Lazily evaluated blocks only incur cost when they are used. That is to say the parse cost is incurred regardless, but assignment and memory cost are only incurred in the examples which use the values returned by the instance methods that let() creates. It is easy to factor example 1 to use let blocks instead of a before block (and looks cleaner, in my opinion.)

Shared setup, using let()

Another benefit is that lazy evaluation provides a facility to pass different data in from each spec, since the block is evaluated when the method is called, which can be after some individual setup occurs.

Let blocks allow for flexible common setup definition

As you can see, let() can be a very powerful and useful construct, if properly employed. I first discovered let() in a slide deck entitled Pure RSpec. Check it out for this and other fun RSpec goodness, and as always, happy hacking!

Test Generators, and Other Thoughts on Style.

For a time, I paired with someone who convinced me that whitespace between example blocks was superflous and so wound up with a bunch of specs like:

it "should define ACTIVITY_LEVELS" do
  Game::ACTIVITY_LEVELS.should == %w{ Low Medium High }
end
it "should define FORMATIONS" do
  Game::FORMATIONS.should == %w{ Circle Lines Scattered None }
end
it "should define LOCATIONS" do
  Game::LOCATIONS.should == %w{ Indoor Outdoor }
end

which now bothers me; whitespace separation between example blocks feels more idiomatic. In fact, someone asked me after seeing those specs “are you in a fight with whitespace?” I am not.

Also, I don’t like “should” in descriptions. Too wishy-washy sounding, and again, superflous. Speaking of superflous, spaces between curly brackets and their contents… they are it.

Really, does reading the first example require that much more effort than the second?

{ :some_key => "some value" }

vs

{:some_key => "some value"}

Call me crazy but it saves two keystrokes and just looks better to me without the spaces. Style call. YMMV.

Another thought on idiomatic tests for equality in Rspec examples suggests using the appropriate “eq” and “eql” matchers instead of the equality operator (“==”) so that’s made its way into muscle memory lately as well.

So, given the above, were I to refactor or rewrite those specs today, they would look like this:

it "defines ACTIVITY_LEVELS" do
  Game::ACTIVITY_LEVELS.should eql(%w{Low Medium High})
end

it "defines FORMATIONS" do
  Game::FORMATIONS.should eql(%w{Circle Lines Scattered None})
end

it "defines LOCATIONS" do
  Game::LOCATIONS.should eql(%w{Indoor Outdoor})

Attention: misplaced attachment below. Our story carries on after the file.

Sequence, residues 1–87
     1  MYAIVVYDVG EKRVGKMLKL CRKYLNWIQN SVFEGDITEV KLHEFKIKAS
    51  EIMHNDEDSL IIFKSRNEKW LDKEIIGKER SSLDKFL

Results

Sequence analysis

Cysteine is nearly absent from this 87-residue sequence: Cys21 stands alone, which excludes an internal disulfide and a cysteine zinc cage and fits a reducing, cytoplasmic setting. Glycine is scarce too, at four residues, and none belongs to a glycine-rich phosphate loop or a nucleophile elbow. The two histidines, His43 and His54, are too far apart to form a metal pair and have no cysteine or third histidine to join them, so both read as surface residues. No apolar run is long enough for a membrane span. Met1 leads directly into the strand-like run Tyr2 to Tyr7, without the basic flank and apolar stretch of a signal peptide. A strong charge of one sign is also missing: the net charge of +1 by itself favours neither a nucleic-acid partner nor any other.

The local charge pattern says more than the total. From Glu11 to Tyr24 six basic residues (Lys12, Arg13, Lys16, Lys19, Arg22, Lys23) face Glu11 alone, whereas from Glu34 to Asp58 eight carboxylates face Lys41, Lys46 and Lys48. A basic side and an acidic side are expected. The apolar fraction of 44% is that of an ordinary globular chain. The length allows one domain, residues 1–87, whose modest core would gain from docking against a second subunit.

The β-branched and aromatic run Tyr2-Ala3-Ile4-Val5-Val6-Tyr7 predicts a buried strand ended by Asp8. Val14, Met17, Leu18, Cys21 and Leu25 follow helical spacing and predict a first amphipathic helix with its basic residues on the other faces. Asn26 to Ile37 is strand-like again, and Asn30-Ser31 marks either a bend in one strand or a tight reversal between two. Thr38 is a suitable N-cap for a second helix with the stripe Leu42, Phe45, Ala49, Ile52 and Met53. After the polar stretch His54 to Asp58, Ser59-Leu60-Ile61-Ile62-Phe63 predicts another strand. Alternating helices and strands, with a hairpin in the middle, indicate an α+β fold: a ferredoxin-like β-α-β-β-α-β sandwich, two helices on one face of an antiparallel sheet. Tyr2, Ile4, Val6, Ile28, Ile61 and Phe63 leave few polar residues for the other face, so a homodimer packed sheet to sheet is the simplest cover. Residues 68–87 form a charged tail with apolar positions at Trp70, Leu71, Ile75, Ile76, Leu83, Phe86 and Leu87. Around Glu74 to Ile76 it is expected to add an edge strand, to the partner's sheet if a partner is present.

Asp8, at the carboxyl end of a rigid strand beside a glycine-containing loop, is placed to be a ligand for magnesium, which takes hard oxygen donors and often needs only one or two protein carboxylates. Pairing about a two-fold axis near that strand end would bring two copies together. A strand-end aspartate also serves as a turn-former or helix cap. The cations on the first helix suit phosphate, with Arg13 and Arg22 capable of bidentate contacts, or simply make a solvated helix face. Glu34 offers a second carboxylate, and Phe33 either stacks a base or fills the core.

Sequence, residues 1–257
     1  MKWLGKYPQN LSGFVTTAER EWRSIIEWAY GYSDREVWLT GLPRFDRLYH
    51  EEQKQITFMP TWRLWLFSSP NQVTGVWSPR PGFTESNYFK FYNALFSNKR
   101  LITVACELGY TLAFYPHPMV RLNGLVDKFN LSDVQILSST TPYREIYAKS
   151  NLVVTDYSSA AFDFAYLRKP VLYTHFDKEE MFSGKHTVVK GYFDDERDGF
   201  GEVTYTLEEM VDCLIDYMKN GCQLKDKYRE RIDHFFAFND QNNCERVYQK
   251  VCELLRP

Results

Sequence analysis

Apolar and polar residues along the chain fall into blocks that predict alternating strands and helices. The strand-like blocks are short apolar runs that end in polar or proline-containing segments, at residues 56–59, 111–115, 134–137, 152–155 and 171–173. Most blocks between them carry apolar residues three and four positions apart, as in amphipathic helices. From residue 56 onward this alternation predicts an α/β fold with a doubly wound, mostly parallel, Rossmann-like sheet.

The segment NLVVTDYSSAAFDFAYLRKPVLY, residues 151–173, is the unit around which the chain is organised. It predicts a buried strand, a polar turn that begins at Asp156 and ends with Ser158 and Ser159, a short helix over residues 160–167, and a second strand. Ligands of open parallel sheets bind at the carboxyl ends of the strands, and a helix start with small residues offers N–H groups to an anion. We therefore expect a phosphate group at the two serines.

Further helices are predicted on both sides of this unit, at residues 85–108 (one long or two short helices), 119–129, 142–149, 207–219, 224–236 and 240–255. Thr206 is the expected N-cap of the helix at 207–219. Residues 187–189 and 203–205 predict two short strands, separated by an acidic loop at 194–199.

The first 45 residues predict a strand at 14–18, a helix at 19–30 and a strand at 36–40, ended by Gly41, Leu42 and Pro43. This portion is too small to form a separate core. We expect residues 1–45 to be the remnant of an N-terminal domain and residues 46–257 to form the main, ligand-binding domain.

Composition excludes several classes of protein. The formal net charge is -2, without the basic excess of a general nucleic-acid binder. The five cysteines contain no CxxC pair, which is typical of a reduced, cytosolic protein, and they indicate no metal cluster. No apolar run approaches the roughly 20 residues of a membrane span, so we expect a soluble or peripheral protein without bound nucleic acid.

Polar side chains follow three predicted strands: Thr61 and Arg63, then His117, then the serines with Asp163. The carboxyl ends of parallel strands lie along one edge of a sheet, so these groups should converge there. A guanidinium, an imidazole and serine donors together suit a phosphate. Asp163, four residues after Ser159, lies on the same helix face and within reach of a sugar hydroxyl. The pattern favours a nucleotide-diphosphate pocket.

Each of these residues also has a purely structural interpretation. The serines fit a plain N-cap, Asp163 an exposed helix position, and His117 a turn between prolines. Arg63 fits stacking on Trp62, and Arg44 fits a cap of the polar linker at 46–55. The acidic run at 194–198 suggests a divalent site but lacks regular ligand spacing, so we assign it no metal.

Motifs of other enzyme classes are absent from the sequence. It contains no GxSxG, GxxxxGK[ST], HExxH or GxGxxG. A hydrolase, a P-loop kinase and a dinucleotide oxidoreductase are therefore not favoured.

end

Looks a bit cleaner to me, probably good enough.

However, since the description isn’t really giving us any brilliant insights about the behaviour the specs are verifying, those examples could probably be factored into specify blocks:

specify {Game::ACTIVITY_LEVELS.should eql(%w{Low Medium High})}
specify {Game::FORMATIONS.should eql(%w{Circle Lines Scattered None})}
specify {Game::LOCATIONS.should eql(%w{Indoor Outdoor})}

It’s terse, but still pretty readable and obvious to most people who are familiar with Rspec (and we know our tools, right, so that’s not an issue.)

That is probably a reasonable stopping point, providing it makes sense to leave those as explicit examples. However, were we to add a few more examples, it might be sensible to consider rolling them into a test generator. It can be a useful pattern, especially if you are testing the initialization of many attributes for e.g. an API call, or some similar thing.

While this may not be the ideal example, here’s what that might look like in the context of the above specs:

constants = {:activity_levels => %w{Low Medium High},
             :durations => ["5 to 15", "15 plus", "below 5"],
             :formations => %w{Indoor Outdoor}}

constants.each {|key,val| specify {Game.const_get("#{key.upcase}").should eql(val)}}

In this case it actually adds a line, and again these particular specs are simple enough that leaving them as three individual calls to specify is not a huge deal, but imagine you were testing something like the mapping and initialization of an object from the result of an api call;

result_hash = {:some_key => "some value",
               :some_other_key => "some other value",
               :another_key => "another value",